13 min read


I have been learning a LOT about Lint the past year. Our team has grown 5x since I joined more than three years ago, and it became really obvious really quickly that we should be letting robots do a lot of the mundane and repetitive enforcement of our team’s code conventions.

At some point, we also started fixing up our app’s theming and styling to adhere to our growing design system. There was also a design shift where new screens being built have a cleaner, sleeker look. Our app is not small (there are 100+ Activity declarations in 70+ modules), so redoing all of the screens will understandably take time and a lot of effort.

:warning: This is going to be a long and treacherous journey (aka very long post), you have been warned.

The problem 🤨

Since a new colour palette was introduced by the design team, the first step was to move all of the old, not-to-be-used-anymore colours into a separate file. I named the file colours_deprecated.xml and left a comment on top of the file.

<!--  ************************************
      *   LEGACY COLOURS - DO NOT USE    *
      *   Consult Figma for new colours  *
      ************************************ -->

This may be helpful, but really, who clicks into a colour definition to see the containing file? Sure, each of the colours in there could have been renamed to append _deprecated to each and every one of them, but that is a lot of effort that will touch a large number files, and needless to say everyone found something else more interesting to do. :speak_no_evil:

So our problem remains: how do we prevent people from using these deprecated colours?

First stab 🗡️

The answer of course, is to write a Lint rule. Alex Lockwood open sourced a rule that flags usages of a specific colour in XML files, and that was a good starting off point for us. Instead of checking just a specific colour like Alex does, we check against a list of all the colours in the aforementioned colours_deprecated.xml file.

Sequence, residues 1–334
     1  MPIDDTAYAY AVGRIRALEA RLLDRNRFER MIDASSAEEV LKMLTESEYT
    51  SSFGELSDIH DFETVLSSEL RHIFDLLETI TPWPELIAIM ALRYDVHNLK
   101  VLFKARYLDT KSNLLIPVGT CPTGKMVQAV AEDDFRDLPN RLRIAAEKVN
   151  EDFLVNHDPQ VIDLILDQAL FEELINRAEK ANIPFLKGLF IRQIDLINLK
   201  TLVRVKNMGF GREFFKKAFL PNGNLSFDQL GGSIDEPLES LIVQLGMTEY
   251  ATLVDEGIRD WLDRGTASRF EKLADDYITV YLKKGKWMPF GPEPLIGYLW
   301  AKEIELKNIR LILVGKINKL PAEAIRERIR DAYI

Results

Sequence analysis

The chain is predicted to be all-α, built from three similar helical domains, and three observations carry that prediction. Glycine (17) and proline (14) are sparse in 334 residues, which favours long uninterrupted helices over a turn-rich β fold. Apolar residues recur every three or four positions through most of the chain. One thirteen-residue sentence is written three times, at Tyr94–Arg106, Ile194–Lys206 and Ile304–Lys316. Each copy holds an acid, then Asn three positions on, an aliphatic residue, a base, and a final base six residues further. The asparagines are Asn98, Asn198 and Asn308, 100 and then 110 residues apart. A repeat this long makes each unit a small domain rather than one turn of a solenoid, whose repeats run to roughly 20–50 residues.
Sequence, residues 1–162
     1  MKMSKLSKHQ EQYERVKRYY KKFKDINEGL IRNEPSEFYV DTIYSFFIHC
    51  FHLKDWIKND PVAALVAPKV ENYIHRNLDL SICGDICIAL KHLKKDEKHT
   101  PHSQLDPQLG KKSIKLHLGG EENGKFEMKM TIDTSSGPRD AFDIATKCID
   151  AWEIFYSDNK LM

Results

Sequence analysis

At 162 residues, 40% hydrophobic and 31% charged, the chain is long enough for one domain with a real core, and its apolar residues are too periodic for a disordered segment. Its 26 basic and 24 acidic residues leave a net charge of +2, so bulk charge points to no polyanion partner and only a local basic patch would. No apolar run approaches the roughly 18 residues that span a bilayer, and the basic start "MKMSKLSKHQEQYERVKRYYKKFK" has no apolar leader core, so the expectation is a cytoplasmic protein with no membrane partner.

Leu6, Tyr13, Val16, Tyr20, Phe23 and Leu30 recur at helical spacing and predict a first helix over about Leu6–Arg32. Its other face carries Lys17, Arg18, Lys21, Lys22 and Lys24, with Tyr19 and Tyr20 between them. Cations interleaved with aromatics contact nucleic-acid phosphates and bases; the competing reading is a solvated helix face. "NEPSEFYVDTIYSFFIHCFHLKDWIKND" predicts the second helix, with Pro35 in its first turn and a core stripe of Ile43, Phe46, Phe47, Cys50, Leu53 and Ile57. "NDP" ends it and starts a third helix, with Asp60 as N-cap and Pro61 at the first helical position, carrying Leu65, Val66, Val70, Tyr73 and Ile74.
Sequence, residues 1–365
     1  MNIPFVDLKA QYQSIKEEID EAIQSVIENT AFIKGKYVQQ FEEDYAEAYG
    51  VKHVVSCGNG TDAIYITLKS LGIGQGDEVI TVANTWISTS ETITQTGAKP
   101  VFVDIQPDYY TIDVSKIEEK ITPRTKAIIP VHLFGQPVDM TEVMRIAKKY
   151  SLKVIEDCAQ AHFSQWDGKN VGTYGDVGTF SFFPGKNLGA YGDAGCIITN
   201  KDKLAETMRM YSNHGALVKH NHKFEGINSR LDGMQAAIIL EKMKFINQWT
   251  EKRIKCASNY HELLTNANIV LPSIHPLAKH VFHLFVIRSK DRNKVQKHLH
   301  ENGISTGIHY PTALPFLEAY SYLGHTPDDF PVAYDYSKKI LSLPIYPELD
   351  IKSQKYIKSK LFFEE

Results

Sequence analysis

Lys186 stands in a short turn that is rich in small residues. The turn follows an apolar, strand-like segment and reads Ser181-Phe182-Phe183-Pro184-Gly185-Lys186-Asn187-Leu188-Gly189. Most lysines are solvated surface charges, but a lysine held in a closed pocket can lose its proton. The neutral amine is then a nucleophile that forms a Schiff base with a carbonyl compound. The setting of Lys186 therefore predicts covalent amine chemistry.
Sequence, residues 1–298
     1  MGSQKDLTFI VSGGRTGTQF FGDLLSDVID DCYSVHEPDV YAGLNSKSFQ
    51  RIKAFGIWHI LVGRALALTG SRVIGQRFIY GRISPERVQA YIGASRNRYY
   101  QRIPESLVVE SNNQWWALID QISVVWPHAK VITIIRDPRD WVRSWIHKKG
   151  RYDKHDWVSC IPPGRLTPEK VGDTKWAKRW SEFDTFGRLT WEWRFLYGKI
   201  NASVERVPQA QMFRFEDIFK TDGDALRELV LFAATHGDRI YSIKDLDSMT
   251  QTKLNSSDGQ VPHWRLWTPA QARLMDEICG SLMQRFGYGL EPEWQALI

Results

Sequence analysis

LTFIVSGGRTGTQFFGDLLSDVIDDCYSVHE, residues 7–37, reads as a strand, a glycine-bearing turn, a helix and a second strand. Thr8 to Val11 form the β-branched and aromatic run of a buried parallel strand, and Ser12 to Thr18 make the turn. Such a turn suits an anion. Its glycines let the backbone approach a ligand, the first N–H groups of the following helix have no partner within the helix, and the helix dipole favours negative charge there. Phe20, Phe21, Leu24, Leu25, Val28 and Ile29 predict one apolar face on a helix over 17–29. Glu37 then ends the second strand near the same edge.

val DEPRECATED_COLOURS = listOf("light_gray_background", "red_error", "smoke_gray", "subhead_text_color_dark", ....)

It was good enough for a few months, but as more and more people finish uplifting screens to the new designs, it’s easy to forget to update the Lint rule to also remove colours from the list when their definitions are deleted from the file (and also to add colours to the list if needed).

I personally don’t want to be babysitting this list – surely there’s a way to do this better? Back to the books!

You’re gonna need a bigger boat 🛶

The problem sounds simple enough: Gather all the colour resources in files named with the _deprecated suffix, and flag any usages of any of those colours as an error.

I initially tried leveraging requestRepeat – do a pass and gather all the resources, request for another pass and then check all the usages. However, this does not seem to do what I want, as the API guide helpfully points out: